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post #1 of 8 (permalink) Old 11-12-2010, 01:21 AM Thread Starter
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Clutch replacement

Hope someone can help.
I have an approx 40 year old Scott Bonnar Diplomat with a burned out clutch, no spares or new parts are available and no repairer wants to do the job so it has to be a DIY.
I have attached a pic of the clutch assembly but my problem is I dont know how to take it apart to replace the drive plate.
Do I need a special tool and that is what the 2 holes are for?
Can anyone help please?
Also has anyone any recommendations what to replace the drive plate with, I have been advised that maybe a motorcyle shop will have something suitable, or dense cork, but firstly lets get this taken apart

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post #2 of 8 (permalink) Old 11-12-2010, 01:39 AM
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Since that outer clutch plate looks welded on to a shaft, I wonder if it might be threaded? Maybe the holes are to put a fork like tool into them to unscrew it in the opposite direction of normal belt travel while running.

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post #3 of 8 (permalink) Old 11-12-2010, 02:29 AM Thread Starter
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I think you are right about it being threaded but it rotates freely and I cant see where I would lock it off at the other end
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post #4 of 8 (permalink) Old 11-13-2010, 01:12 AM
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Do you have a picture of the rest of the mower and where the shaft connects to?

I never saw a Scott Bonnar mower. I'm guessing with most of us here being in the US the others probably have not either.

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post #5 of 8 (permalink) Old 11-13-2010, 04:56 AM Thread Starter
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Never realised you didnt have those machines in US, but I am sure you are correct about it being threaded, but I can't see how it would go through the rear rollers as it's off centre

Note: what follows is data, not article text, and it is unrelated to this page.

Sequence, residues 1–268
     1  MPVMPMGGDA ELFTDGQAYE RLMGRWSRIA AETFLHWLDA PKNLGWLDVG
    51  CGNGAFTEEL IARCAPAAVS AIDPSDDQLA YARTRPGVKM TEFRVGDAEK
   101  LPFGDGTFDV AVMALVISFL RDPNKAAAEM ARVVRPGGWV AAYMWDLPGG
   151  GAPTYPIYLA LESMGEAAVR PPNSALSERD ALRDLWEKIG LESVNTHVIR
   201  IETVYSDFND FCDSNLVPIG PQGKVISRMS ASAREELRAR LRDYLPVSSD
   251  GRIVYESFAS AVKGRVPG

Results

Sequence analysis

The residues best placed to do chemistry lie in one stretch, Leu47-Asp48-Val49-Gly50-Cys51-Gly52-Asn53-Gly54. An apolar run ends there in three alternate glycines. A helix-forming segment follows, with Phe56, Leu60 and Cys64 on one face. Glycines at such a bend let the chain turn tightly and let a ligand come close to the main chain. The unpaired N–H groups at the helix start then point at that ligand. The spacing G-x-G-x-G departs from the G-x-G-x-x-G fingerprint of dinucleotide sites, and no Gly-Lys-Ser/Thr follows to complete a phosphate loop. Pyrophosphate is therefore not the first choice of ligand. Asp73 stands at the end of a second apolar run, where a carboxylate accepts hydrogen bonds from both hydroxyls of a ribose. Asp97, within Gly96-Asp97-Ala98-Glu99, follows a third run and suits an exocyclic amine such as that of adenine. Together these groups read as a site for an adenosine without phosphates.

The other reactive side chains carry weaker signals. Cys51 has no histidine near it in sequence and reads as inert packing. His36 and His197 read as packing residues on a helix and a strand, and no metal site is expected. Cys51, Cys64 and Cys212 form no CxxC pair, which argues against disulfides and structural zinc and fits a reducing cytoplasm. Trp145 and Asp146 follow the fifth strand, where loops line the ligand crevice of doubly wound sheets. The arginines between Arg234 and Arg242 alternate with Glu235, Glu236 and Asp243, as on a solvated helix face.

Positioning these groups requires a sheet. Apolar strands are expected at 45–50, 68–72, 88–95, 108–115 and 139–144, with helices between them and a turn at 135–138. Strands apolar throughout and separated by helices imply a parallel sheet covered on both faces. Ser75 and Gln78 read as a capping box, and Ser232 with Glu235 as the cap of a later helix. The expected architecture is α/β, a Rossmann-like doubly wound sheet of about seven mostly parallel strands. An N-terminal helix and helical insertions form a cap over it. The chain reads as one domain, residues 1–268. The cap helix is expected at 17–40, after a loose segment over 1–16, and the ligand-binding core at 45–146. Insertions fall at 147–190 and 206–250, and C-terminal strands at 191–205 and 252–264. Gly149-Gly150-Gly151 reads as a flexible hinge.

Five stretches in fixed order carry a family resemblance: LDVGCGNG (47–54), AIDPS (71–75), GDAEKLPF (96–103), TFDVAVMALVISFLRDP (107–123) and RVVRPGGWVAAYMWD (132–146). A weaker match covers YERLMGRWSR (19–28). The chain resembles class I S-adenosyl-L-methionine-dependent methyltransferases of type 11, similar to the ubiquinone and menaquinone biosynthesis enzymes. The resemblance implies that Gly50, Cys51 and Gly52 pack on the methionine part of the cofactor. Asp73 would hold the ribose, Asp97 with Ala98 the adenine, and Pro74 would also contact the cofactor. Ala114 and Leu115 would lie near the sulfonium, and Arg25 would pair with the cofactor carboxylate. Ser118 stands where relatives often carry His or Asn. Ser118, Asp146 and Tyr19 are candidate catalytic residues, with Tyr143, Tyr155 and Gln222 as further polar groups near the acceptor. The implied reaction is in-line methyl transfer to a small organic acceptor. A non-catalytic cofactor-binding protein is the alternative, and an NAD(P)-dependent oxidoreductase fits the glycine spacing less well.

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post #6 of 8 (permalink) Old 11-13-2010, 06:16 AM
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Probably a gear inside there. Take a look at your last picture. There is an allen headed screw on the housing at the left side of your big roller. Maybe that will open up the gears???

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post #7 of 8 (permalink) Old 11-13-2010, 10:26 PM
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My grandfather as I recall had a pipe wrench with about a 3' handle that would probably fit that roller.

Since the pulley is offset from the roller there must be some additional reduction gearing in there somewhere.

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post #8 of 8 (permalink) Old 12-01-2010, 05:43 PM
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Outer end of shaft looks to be either welded or swaged and original. Inner end almost certainly has a small pinion driving a big internal gear in the roller. You might need to pull the roller shaft out from the non drive end. Keep pulling things off until it comes apart. Cork is OK for a wet clutch (running in an oil bath), but not dry. You may be able to buy some vintage motorcycle clutch insert segments made from asbestos replacement material and may well find that was what was fitted originally.
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